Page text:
La perpetua carenza di finanziamenti nei paesi in via di sviluppo

WASHINGTON, DC – Da quando ha avuto inizio la crisi finanziaria globale, il termine "bancario" viene considerato alla stregua di un insulto. In realtà, se è indubbio che le banche possono arrecare gravi danni alle economie e ai mezzi di sussistenza, una buona gestione del sistema finanziario può invece offrire vantaggi significativi. Come illustra il recente Global Financial Development Report realizzato dal World Bank Group, un numero crescente di prove dimostra che le istituzioni e i mercati finanziari influiscono fortemente sullo sviluppo economico, sulla riduzione della povertà e sulla stabilità delle economie di tutto il mondo, e che una valutazione pragmatica del ruolo dello Stato nella finanza trova piena giustificazione.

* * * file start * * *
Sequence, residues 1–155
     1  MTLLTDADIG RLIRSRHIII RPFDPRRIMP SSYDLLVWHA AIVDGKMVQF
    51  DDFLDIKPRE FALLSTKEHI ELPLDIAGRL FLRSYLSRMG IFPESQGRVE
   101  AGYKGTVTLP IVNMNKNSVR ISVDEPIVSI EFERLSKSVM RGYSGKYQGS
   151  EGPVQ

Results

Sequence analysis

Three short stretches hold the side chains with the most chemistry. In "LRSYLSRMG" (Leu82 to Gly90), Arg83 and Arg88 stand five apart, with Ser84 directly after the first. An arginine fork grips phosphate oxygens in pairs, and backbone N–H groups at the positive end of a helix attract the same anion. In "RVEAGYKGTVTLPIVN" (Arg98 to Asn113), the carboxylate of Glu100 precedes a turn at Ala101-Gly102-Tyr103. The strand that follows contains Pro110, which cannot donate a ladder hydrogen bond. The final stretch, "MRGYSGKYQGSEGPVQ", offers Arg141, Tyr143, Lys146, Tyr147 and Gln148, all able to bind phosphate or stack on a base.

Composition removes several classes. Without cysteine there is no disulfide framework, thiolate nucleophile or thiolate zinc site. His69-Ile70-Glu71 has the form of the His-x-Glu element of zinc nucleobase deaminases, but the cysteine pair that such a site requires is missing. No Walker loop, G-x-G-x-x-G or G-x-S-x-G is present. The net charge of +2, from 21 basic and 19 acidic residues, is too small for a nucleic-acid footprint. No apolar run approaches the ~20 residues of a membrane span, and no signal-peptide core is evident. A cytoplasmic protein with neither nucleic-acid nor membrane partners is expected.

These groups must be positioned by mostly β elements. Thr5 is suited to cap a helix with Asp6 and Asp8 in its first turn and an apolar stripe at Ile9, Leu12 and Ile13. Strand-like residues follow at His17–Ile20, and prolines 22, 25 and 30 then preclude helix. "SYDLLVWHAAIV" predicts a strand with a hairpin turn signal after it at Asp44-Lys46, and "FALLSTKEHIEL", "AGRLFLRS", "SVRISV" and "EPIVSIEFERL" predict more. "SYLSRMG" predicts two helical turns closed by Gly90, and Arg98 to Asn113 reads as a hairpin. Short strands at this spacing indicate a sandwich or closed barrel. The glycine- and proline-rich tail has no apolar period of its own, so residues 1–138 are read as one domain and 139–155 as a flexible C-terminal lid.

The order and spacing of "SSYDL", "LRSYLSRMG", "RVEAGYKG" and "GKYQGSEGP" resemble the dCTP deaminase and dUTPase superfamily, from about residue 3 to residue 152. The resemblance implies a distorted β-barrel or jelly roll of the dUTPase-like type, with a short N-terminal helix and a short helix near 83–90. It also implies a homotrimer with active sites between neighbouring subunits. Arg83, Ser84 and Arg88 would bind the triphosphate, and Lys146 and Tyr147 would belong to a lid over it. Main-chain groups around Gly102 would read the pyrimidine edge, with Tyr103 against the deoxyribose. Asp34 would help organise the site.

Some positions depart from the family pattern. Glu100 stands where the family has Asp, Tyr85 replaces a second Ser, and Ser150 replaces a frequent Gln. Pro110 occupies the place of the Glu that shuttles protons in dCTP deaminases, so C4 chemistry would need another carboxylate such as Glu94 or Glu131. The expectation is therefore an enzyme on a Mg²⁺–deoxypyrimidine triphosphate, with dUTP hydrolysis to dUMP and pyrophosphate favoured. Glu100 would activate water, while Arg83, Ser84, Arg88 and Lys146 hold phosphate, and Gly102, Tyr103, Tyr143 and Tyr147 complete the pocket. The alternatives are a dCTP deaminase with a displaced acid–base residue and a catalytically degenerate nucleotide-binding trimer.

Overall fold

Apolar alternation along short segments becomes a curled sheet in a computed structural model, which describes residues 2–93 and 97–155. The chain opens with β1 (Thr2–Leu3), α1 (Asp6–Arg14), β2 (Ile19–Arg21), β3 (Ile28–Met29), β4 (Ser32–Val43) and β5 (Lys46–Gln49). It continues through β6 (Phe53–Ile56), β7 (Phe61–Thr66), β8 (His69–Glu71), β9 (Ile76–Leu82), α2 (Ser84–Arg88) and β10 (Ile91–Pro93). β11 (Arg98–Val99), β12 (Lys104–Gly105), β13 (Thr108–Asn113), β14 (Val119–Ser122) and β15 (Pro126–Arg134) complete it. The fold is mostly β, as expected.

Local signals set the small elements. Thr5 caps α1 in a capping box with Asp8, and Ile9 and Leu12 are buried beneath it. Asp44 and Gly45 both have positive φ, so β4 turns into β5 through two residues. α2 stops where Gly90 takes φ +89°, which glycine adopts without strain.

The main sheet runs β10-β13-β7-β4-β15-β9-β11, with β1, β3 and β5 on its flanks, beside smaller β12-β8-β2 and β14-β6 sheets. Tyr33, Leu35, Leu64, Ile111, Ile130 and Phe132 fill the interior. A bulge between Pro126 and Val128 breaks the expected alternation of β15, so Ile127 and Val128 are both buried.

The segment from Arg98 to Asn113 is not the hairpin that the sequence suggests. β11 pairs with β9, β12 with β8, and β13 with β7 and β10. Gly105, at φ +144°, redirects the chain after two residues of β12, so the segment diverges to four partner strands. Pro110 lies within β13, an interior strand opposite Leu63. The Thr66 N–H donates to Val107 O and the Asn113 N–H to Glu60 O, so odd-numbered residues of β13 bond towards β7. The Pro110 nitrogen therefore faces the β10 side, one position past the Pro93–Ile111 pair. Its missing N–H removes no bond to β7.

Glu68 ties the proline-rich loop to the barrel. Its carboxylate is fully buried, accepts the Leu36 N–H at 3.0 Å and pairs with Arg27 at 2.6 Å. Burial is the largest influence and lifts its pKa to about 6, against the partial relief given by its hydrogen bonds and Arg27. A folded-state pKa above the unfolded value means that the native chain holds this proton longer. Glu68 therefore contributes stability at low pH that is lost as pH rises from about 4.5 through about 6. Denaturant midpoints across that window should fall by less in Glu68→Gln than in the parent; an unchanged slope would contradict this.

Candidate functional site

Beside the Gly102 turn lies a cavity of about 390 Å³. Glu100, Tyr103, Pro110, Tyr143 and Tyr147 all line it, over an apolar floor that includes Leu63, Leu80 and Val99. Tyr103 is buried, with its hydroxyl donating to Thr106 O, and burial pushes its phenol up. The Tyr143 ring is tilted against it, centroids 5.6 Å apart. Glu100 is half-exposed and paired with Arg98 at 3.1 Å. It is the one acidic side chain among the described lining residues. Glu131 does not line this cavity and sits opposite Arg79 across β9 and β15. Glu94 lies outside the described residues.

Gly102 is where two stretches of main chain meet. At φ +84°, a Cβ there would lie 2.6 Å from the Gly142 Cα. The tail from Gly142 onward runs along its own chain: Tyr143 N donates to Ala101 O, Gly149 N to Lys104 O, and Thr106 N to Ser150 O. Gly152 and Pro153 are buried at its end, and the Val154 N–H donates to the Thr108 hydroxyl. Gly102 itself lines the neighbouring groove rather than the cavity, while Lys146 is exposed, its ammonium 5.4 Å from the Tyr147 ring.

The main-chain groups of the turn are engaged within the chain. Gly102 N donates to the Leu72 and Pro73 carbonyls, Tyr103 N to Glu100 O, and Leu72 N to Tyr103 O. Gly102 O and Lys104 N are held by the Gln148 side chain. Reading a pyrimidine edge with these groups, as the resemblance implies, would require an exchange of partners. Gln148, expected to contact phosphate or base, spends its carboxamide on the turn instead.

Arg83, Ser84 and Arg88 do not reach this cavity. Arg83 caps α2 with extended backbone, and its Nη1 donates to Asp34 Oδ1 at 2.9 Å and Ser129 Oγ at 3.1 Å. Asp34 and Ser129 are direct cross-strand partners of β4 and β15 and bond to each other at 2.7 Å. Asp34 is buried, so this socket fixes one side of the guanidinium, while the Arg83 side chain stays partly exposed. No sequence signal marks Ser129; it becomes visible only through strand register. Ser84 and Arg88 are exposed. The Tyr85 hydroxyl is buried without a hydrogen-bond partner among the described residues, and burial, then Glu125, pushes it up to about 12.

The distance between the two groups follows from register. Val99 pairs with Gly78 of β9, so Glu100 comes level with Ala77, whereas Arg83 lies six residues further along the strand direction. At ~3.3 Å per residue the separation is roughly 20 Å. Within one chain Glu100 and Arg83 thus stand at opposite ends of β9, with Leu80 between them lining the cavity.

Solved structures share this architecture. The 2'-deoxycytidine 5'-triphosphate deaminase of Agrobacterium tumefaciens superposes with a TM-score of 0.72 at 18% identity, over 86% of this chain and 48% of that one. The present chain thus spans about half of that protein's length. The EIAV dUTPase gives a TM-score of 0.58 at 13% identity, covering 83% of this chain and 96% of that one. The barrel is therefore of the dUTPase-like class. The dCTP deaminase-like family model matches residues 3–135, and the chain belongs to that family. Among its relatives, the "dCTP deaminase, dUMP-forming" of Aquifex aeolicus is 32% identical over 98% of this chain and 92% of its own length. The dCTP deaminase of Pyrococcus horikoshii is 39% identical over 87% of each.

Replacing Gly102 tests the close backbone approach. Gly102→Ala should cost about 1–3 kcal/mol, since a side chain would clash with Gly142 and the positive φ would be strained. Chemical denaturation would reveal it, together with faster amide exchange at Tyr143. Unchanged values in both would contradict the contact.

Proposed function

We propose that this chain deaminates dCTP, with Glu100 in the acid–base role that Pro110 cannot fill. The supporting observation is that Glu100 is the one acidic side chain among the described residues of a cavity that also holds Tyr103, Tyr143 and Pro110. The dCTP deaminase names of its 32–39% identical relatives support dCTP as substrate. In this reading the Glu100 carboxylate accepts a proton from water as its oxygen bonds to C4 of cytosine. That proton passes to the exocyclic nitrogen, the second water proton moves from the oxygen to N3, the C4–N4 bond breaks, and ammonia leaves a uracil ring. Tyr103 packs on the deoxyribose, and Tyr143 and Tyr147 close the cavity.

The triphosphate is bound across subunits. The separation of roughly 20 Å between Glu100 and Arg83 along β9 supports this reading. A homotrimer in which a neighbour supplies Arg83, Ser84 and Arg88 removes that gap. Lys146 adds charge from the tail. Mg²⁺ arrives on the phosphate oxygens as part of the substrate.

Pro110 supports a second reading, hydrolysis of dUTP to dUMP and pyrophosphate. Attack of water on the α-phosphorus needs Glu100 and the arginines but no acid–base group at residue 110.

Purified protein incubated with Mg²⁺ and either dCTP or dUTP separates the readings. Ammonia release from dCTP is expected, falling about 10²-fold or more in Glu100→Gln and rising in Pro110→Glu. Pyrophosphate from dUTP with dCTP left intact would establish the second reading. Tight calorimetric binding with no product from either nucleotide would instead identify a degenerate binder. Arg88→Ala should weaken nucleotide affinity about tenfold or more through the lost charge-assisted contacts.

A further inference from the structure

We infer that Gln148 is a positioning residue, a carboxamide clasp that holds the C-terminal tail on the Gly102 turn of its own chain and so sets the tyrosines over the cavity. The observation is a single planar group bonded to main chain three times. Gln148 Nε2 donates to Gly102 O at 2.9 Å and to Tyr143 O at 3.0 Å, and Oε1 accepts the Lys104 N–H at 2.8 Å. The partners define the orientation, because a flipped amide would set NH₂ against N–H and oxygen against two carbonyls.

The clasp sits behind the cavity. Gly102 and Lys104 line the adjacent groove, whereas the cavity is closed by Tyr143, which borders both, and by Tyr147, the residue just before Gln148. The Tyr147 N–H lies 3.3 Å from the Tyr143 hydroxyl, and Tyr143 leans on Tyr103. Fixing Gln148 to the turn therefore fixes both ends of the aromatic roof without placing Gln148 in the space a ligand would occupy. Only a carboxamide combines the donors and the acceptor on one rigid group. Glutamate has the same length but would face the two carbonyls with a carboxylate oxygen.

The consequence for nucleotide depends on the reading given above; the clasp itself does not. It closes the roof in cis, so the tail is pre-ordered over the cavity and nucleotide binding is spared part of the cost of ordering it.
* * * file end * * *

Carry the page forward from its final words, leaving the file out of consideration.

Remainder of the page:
A livello superficiale, la caratteristica più insolita della crisi finanziaria attuale è che nei paesi sviluppati l'economia è stata colpita in maniera assai più dura e diretta che in quelli in via di sviluppo, molti dei quali hanno sfruttato l’insegnamento delle crisi precedenti, messo mano ai propri bilanci, avviato riforme strutturali e migliorato i sistemi di supervisione e regolamentazione.

Questa distinzione, tuttavia, non coglie l'aspetto più importante: la qualità della linea politica conta molto di più del livello di sviluppo economico. I sistemi finanziari di alcuni paesi sviluppati, fra cui l'Australia, il Canada e Singapore, hanno dimostrato una notevole capacità di ripresa, mentre altri si sono trovati in serie difficoltà.

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